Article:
Ghana got their Nations Cup campaign off to an ideal start on Tuesday when they beat Uganda 1-0 in Port-Gentil to take control of Group D, but it was a victory marred by a knee injury sustained by Abdul Rahman Baba.
The Schalke 04 man was stretchered off in the 39th minute following a collision, having immediately turned to the touchline and indicated that he needed to be replaced after falling to the turf.
Initially, it had looked as though the left-back had aggravated a recent thigh injury, although Baba himself clarified the situation by telling Goal that he’d twisted his knee and that the pain was already subsiding.
The player appeared optimistic that within a few days his discomfort would have subsided and he’d be able to continue as part of the Black Stars’ campaign. That hope was ended on Thursday when it was confirmed that the player was returning to Germany for treatment, signalling an end to his Nations Cup.
It’s news that takes the gloss off Ghana’s opening triumph, and leaves the Black Stars defence with a gaping point of weakness as they head into Saturday’s showdown with Mali.
For the remainder of the victory over Uganda, Grant opted to use Frank Acheampong on the left-side of the defence, with the Anderlecht man reprising a role he’s occupied at various points in the past for the national side.
Notably, there was his exceptional display against Senegal—a friendly in March 2015—when he earned plaudits for a fine showing which included an outrageous last-gasp tackle to deny a marauding forward.
However, Acheampong remains a wide midfielder, an attacking talent who has no long-term track record of flourishing as a full back, and would be overachieving if he proves able to keep some of the continent’s best forwards at bay over the coming weeks.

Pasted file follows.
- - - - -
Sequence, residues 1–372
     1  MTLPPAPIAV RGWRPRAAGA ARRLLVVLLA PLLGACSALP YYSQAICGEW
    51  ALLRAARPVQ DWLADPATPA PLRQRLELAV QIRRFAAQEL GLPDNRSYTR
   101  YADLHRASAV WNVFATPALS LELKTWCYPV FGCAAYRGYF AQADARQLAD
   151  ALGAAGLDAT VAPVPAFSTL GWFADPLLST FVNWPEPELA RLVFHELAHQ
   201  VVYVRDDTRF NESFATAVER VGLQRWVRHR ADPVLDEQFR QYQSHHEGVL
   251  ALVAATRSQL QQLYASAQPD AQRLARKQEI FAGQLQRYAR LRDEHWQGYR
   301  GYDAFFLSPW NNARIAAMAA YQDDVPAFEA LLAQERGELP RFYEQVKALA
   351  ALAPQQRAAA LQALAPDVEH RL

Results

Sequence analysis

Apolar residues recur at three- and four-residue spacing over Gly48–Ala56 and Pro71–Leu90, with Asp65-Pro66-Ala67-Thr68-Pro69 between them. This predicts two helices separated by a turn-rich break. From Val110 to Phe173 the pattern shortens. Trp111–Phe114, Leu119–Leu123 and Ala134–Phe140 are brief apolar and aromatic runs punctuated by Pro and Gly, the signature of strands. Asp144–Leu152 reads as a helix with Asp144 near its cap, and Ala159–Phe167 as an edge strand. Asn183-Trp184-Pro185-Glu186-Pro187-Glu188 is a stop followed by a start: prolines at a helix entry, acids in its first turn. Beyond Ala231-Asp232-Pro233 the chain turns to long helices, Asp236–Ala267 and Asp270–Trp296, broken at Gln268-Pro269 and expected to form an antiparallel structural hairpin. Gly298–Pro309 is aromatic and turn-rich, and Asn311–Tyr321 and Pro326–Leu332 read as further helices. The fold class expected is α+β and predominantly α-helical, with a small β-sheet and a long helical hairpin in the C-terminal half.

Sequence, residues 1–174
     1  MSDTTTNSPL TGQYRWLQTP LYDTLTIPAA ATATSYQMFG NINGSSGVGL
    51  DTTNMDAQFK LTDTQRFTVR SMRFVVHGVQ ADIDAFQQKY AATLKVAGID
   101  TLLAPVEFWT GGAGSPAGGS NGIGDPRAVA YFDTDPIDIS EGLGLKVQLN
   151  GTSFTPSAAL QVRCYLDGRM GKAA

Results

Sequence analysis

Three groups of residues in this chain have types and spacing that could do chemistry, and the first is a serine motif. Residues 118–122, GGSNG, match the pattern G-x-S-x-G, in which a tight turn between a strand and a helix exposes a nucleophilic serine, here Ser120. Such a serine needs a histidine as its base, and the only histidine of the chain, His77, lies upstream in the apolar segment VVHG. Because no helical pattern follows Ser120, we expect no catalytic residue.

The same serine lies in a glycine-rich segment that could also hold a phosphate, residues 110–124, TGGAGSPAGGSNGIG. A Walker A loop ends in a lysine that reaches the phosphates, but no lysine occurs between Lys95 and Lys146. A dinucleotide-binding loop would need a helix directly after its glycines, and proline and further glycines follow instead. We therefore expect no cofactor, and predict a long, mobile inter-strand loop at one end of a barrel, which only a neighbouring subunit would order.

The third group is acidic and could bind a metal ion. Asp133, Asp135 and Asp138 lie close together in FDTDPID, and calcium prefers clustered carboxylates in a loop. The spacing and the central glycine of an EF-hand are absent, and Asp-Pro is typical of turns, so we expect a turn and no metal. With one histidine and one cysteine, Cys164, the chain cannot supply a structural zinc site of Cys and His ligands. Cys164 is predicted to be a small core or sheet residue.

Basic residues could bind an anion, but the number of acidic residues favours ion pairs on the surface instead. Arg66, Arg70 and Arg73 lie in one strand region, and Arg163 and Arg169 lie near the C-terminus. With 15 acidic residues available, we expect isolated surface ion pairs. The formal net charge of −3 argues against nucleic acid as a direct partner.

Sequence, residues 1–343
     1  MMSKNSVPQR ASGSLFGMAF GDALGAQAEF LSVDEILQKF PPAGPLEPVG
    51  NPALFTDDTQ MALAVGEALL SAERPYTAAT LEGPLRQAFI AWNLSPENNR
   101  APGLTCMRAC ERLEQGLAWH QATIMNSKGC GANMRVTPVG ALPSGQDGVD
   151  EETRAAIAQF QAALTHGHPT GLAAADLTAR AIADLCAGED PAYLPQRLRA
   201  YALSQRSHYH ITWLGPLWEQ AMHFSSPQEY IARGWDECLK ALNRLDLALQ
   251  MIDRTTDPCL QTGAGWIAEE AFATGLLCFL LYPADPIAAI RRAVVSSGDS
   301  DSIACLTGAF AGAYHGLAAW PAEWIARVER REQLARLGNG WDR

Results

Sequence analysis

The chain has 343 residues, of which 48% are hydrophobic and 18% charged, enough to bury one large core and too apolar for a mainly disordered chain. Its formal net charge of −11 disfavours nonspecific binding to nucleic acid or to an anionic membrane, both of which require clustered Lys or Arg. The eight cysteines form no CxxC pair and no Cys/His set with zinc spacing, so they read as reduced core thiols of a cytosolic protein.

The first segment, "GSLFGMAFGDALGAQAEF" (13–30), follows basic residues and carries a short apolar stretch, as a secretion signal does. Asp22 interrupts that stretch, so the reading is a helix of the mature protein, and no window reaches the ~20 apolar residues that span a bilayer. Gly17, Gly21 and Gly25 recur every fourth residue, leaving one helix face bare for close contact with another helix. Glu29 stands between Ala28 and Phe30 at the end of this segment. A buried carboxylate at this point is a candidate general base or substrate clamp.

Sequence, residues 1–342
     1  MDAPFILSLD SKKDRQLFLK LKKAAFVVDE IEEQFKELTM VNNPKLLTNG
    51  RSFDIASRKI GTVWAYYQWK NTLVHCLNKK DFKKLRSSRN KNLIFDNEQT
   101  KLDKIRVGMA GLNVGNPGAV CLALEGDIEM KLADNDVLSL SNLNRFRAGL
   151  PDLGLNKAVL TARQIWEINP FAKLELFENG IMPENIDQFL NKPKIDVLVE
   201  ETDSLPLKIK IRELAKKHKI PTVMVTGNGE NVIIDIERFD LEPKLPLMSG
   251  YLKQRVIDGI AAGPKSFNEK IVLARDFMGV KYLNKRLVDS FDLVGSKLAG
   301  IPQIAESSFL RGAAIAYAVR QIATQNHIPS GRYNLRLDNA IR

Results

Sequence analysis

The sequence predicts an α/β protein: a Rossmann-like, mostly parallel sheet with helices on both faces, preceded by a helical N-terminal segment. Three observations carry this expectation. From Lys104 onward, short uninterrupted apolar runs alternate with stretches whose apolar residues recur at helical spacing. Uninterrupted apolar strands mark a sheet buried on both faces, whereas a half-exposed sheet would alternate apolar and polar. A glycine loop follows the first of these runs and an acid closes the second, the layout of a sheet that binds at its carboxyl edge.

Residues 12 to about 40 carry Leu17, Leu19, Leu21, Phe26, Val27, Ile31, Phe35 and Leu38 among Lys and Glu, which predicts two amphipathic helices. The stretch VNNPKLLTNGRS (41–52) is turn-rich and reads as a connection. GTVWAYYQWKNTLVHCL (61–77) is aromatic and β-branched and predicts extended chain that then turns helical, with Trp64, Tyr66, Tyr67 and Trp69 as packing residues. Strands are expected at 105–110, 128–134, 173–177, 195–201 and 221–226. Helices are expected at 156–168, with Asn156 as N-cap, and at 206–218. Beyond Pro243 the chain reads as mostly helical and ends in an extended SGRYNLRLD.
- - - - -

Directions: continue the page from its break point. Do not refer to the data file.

Unlike Baba, the 23-year-old also has no long-standing relationship with the rest of the backline. Ghana have gone from having one of the most settled defences on the continent to a very unfamiliar defensive unit of Brimah-Afful-Amartey-Boye-Acheampong-Partey in the space of a week or two!
Against Mali, for example, it will be intriguing to see how the diminutive Acheampong fares against the powerful Sambou Yatabare or the inventive Bakary Sako, while Egypt’s Mohamed Salah represents another fearsome challenge.
Grant may be tempted to employ Jonathan Mensah, who featured at left-back earlier in his career, on the flank, while the versatile Amartey could also step across, allowing Jomens to join Boye in the middle.
Another option could see Afful switch flanks, particularly with a recognised reserve right-back in the squad, although it would be a major test for Andy Yiadom to immediately take a starting berth in the team.
The reason this uncertainty exists—and why Ghana’s primary solution is likely to be an attacking midfielder—is because of Grant’s decision to omit Jeffrey Schlupp from his Afcon squad.
In Leicester City man and Premier League winner Schlupp, the Israeli coach had one of Africa’s best reserve left-backs, and an ideal rival to and replacement for Baba.
The irony that Schlupp is needed most at the moment that Grant finally gave up on him won’t be lost on the Israeli coach.
The local media may well just use it as another stick to beat the former Chelsea man with, but this is one issue where Grant himself—and hindsight is a beautiful thing—will surely be ruing the risky last-minute call to cull Schlupp.